4. Risk Ratings. In some games, the best player - or three players - on the ground is obvious. In others there are 5-10 players that you could throw a blanket over. The results of the chaRlie algorithm have the same problem, and often have multiple players with similar probabilities for votes. To get a mathematical estimate of this, we calculated the gini inequality for the top 6 predicted players for each game and then using that value classified them into "High", "Moderate" or "Low" risk categories. These numbers can be seen in the data table on the Round tab, or in the Player tab.
5. Projections. Seeing as the model was completed prior to round 23 this year, we added in a simple projection tab where multiple players final tally can be projected using a linear regression and a sliding bar of how many games to include. Please note that there is no skew corrections on these numbers.
1. Statistical measures. This one is quite obvious - we don’t have access to every statistic available (Our pockets aren't deep enough to afford Champion Data). Even if we did, statistics never capture the full essence of a game of football. Even the advanced statistics that are available at Footywire (i.e. metres gained) aren’t included in this model as they are only available from 2015 onwards and would limit the training data. Players like Cyril Rioli and Alex Rance are never going to have their performances captured well by current statistical measures and this needs to be taken into account. It’s not only the fact they might score more votes than predicted, but votes they get are votes someone else cannot.
2. Umpire Bias over time. The game of AFL is renowned for changing rapidly, due to both innovative coaches and overly trigger happy administration. Game styles change from free-flowing to contested and from ruck dominated to no ruck at all sometimes in the span of only a season. It’s not a big leap to assume that what an umpire considers important also changes over time. We will release a blog post later on in the year showing these trends, but to compensate for this phenomenon we only use a training dataset of 5 years. The risk is that any abrupt changes in umpire vote bias will not be reflecting in historic data and therefore our training dataset.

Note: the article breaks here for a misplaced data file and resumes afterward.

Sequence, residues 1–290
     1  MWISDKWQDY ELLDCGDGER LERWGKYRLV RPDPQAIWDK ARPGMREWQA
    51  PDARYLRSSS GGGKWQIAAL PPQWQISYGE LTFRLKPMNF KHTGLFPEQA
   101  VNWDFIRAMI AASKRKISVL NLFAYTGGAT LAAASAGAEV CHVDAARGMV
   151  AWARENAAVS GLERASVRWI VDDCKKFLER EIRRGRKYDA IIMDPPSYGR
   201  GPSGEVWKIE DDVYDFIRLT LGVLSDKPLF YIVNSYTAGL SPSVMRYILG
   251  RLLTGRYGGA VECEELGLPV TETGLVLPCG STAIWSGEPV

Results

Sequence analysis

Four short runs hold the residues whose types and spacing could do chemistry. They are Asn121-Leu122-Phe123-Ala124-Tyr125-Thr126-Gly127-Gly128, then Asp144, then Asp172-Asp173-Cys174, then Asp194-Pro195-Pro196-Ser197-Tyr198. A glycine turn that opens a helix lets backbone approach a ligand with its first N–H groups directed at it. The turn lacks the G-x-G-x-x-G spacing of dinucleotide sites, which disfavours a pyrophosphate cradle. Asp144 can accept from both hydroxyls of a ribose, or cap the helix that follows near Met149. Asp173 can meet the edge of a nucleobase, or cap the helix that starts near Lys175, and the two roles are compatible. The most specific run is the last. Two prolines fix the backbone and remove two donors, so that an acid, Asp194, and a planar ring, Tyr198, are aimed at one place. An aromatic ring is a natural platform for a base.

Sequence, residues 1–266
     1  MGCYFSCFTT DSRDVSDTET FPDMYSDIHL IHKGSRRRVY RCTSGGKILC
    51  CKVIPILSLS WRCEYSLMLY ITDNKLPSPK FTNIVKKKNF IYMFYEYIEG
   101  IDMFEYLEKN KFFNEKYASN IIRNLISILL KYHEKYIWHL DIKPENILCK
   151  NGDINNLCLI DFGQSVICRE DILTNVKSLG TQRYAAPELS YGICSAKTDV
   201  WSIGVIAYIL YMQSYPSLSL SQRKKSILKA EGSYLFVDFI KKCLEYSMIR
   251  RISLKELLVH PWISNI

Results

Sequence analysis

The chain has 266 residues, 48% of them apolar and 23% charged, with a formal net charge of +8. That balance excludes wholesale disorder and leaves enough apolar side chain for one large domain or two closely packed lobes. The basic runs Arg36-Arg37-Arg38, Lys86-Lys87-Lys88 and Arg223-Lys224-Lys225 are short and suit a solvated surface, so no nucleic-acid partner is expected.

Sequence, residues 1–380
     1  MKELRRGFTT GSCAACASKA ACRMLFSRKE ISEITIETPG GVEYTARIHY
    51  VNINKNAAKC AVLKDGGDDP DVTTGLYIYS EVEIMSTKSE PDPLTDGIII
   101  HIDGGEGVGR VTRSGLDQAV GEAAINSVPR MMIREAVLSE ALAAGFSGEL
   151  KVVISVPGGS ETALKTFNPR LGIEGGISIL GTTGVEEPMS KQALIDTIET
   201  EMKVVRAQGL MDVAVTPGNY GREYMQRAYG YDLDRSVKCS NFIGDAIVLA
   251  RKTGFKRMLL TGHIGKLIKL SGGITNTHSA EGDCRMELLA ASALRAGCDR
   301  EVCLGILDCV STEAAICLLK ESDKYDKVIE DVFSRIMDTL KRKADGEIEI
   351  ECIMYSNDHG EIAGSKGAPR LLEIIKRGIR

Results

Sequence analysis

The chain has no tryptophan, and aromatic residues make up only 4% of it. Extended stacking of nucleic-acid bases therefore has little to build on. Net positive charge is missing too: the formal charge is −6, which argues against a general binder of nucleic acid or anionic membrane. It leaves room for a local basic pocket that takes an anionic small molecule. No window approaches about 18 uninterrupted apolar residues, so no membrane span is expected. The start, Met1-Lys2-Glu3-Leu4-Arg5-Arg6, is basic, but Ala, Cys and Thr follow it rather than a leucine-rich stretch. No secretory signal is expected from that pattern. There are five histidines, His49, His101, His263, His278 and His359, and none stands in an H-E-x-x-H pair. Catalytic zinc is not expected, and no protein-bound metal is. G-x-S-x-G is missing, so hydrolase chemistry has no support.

3. The Brownlow is an inherently subjective award. Similar to point 2, at the end of the day the votes are awarded by humans and as such will be affected by a whole range of difficult to quantify psychological factors. In addition, the umpires reportedly do not look at statistics before the votes are cast. Its important to keep in mind and that no prediction is going to get it entirely right - and sometimes it will get it catastrophically wrong - even if its testing does not. If you are going to use the model for gambling, make sure you are sensible, do not bet more than you can afford and do your own research and de-risking.
All in all, we are quite happy with the improvements to chaRlie in 2018. We think that we have improved the algorithm significantly, we are using smarter inputs and when people want to look at and analyse our predictions, they can now do so interactively in a considerably easier and more transparent manner via the app. Whether the model is right or not is yet to be seen (there are still 2 rounds to go), but at the time of writing it seems very unlikely Tom Mitchell will lose. If he were to inexplicably throw a left hook and get himself suspended, then it seems that it would be a 2 horse race between Clayton Oliver and reigning medallist Dustin Martin (if you assume Buddy will be overestimated again). Please contact us with any questions, ideas, feedback or criticism of the model, a lot of the improvements have come from outside advice. Happy Brownlowing!
Visit the app to see the latest predictions here.